Virginia romped 28-0 over South Carolina in the Belk Bowl on Saturday at Bank of America, securing the school’s first postseason bowl victory since 2005. It also snapped the ACC’s longest bowl drought.
A failed fourth-down conversion on its first possession seemed to sap the life out of South Carolina. From that point on, the Gamecocks hardly possessed the ball, moved it even less frequently, and ultimately committed two turnovers trying to get back into the game.
Meanwhile, Virginia methodically controlled the ball and the game clock without offering South Carolina much chance at rebuttal. Virginia finished with 413 yards to South Carolina’s 261 and controlled the ball for over 20 minutes more than South Carolina. Virginia’s defense held the Gamecocks to 2-of-13 on third-down conversions.
By midway through the fourth quarter, Crimson-clad South Carolina fans booed their team, then quickly exited the venue whole sections at a time.
Three who mattered
Bryce Perkins: Virginia quarterback has had a few more statistically dominant games than his 289 total yards and three touchdowns, but he commanded the Cavaliers’ offense exactly as needed and didn’t turn the ball over.
Olamide Zaccheaus: Virginia running back was easily the most explosive player for either offense, as his three touchdowns were the difference Saturday.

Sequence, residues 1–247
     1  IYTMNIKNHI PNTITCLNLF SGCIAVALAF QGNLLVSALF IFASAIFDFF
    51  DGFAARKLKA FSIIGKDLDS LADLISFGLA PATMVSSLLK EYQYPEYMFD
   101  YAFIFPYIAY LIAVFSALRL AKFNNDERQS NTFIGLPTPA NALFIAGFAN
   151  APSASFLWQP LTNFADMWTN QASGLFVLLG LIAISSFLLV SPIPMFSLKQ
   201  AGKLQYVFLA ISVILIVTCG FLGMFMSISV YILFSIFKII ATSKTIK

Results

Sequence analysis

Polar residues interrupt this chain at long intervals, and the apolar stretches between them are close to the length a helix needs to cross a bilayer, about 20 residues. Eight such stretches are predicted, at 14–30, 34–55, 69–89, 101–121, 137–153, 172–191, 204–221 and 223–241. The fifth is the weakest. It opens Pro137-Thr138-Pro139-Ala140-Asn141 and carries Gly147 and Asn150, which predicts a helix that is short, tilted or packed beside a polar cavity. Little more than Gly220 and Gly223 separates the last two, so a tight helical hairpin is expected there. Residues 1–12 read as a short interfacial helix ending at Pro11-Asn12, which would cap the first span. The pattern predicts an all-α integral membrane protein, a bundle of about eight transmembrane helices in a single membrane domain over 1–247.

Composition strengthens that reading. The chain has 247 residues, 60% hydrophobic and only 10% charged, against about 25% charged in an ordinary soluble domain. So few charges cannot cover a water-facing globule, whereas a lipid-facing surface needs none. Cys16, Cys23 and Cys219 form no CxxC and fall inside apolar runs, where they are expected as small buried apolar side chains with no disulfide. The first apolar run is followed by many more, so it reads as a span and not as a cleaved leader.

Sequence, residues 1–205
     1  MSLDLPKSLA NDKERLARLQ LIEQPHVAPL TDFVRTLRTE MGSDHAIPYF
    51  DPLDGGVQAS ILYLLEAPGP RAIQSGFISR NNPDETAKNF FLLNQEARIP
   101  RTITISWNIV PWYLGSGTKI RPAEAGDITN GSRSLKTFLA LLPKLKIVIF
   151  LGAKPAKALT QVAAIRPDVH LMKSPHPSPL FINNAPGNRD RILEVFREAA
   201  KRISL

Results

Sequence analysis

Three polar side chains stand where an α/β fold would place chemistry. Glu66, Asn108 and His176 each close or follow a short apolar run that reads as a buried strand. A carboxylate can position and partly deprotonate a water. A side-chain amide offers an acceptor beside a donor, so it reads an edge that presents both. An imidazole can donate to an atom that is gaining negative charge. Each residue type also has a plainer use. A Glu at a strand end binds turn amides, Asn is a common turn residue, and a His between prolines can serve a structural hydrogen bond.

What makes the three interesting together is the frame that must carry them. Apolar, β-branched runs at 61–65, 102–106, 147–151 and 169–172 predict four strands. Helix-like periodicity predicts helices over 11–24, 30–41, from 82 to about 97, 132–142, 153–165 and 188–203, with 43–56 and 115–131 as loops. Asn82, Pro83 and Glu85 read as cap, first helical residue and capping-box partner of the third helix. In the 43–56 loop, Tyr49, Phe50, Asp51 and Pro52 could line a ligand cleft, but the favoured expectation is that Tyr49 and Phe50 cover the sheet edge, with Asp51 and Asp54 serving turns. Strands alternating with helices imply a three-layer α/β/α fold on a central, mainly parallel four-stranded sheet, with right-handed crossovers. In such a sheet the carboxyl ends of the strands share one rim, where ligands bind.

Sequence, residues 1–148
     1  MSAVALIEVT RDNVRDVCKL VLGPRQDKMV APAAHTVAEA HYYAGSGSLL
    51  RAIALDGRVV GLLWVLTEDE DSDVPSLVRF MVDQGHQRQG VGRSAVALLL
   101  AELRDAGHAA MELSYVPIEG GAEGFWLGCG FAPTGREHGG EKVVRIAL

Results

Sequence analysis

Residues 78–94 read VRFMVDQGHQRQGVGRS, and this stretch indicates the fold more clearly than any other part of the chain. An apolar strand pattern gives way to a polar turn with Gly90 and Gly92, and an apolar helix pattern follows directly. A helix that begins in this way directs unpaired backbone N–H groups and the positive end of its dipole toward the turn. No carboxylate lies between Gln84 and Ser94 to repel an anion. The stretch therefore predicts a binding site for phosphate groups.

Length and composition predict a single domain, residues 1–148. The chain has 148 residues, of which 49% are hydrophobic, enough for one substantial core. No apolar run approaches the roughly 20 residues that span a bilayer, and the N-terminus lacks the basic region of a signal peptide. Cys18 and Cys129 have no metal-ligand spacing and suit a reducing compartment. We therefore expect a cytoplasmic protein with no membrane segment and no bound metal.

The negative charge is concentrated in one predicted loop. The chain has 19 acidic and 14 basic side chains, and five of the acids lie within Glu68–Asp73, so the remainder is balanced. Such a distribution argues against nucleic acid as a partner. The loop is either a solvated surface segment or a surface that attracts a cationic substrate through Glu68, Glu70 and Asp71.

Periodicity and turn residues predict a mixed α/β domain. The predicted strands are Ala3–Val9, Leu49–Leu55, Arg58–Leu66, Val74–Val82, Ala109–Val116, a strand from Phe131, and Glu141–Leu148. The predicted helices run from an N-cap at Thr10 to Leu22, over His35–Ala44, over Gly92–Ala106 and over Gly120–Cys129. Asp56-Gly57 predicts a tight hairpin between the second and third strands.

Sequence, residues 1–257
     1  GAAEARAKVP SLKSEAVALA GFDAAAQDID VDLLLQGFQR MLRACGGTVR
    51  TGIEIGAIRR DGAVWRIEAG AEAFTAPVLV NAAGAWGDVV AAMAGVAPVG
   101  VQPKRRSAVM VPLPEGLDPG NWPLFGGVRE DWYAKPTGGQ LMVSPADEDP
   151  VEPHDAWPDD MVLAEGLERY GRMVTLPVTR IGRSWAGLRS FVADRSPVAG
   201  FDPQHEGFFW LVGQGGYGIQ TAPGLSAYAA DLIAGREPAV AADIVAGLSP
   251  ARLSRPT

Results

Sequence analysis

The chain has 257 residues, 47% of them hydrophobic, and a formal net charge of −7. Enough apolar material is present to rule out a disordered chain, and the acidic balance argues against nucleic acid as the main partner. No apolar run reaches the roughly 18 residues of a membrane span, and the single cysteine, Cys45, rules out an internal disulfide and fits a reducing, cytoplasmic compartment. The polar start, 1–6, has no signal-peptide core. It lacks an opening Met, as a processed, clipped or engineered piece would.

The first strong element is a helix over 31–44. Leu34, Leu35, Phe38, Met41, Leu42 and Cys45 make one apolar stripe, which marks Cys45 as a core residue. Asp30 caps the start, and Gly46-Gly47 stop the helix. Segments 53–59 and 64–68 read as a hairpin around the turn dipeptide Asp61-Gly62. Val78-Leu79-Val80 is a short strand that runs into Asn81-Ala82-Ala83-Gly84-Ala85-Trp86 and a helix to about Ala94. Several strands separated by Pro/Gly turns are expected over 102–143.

Juan Thornhill: Virginia safety’s interception, his sixth this season, and subsequent 54-yard return early in the fourth quarter ended any hopes of a South Carolina comeback.
▪ On the game’s first possession, South Carolina worked the ball to about midfield before eventually ending up in fourth-and-1. The Gamecocks opted to go for it, but South Carolina quarterback Jake Bentley rolled right and overthrew his receiver to end the drive. South Carolina didn’t have a drive longer than 50 yards in the first half.
▪ With both teams fairly equal in terms of total yards, the most overwhelming statistic for either team was time of possession. Virginia controlled the ball for 42:35, more than twice as long as South Carolina did (17:25).
▪ With their most explosive offensive weapon - wide receiver Deebo Sameul - out for Saturday’s game while he prepares for the upcoming NFL draft, South Carolina’s receivers struggled against Virginia’s secondary. Combined, South Carolina’s receivers had 10 receptions for 126 yards.
▪ Virginia halfback Olamide Zaccheaus caught eight passes for 65 yards and a touchdown in the first half, only to finish with 12 catches for 100 yards and three touchdowns for the game. He set the single-season school record for catches with 93, breaking his record of 85 from last season.
▪ The game’s first two turnovers practically cancelled each other out. South Carolina safety R.J. Roderick forced a fumble early in the fourth quarter to give the Gamecocks the ball back. But three plays later, Bentley threw an interception to give the ball right back. Considering Virginia went on to miss a 33-yard field goal that possession, neither turnover had a real consequence.
▪ Official tickets distributed for Saturday’s game were announced at 48,263. Of that crowd, the breakdown was roughly 70 percent South Carolina fans, 30 percent Virginia fans.
▪ There was only one NFL team — the Chicago Bears — that sent an NFL scout to Saturday’s game.
▪ This was South Carolina’s third time being shutout since 2000. The previous two games were losses to Arkansas in 2002 and to Georgia in 2006.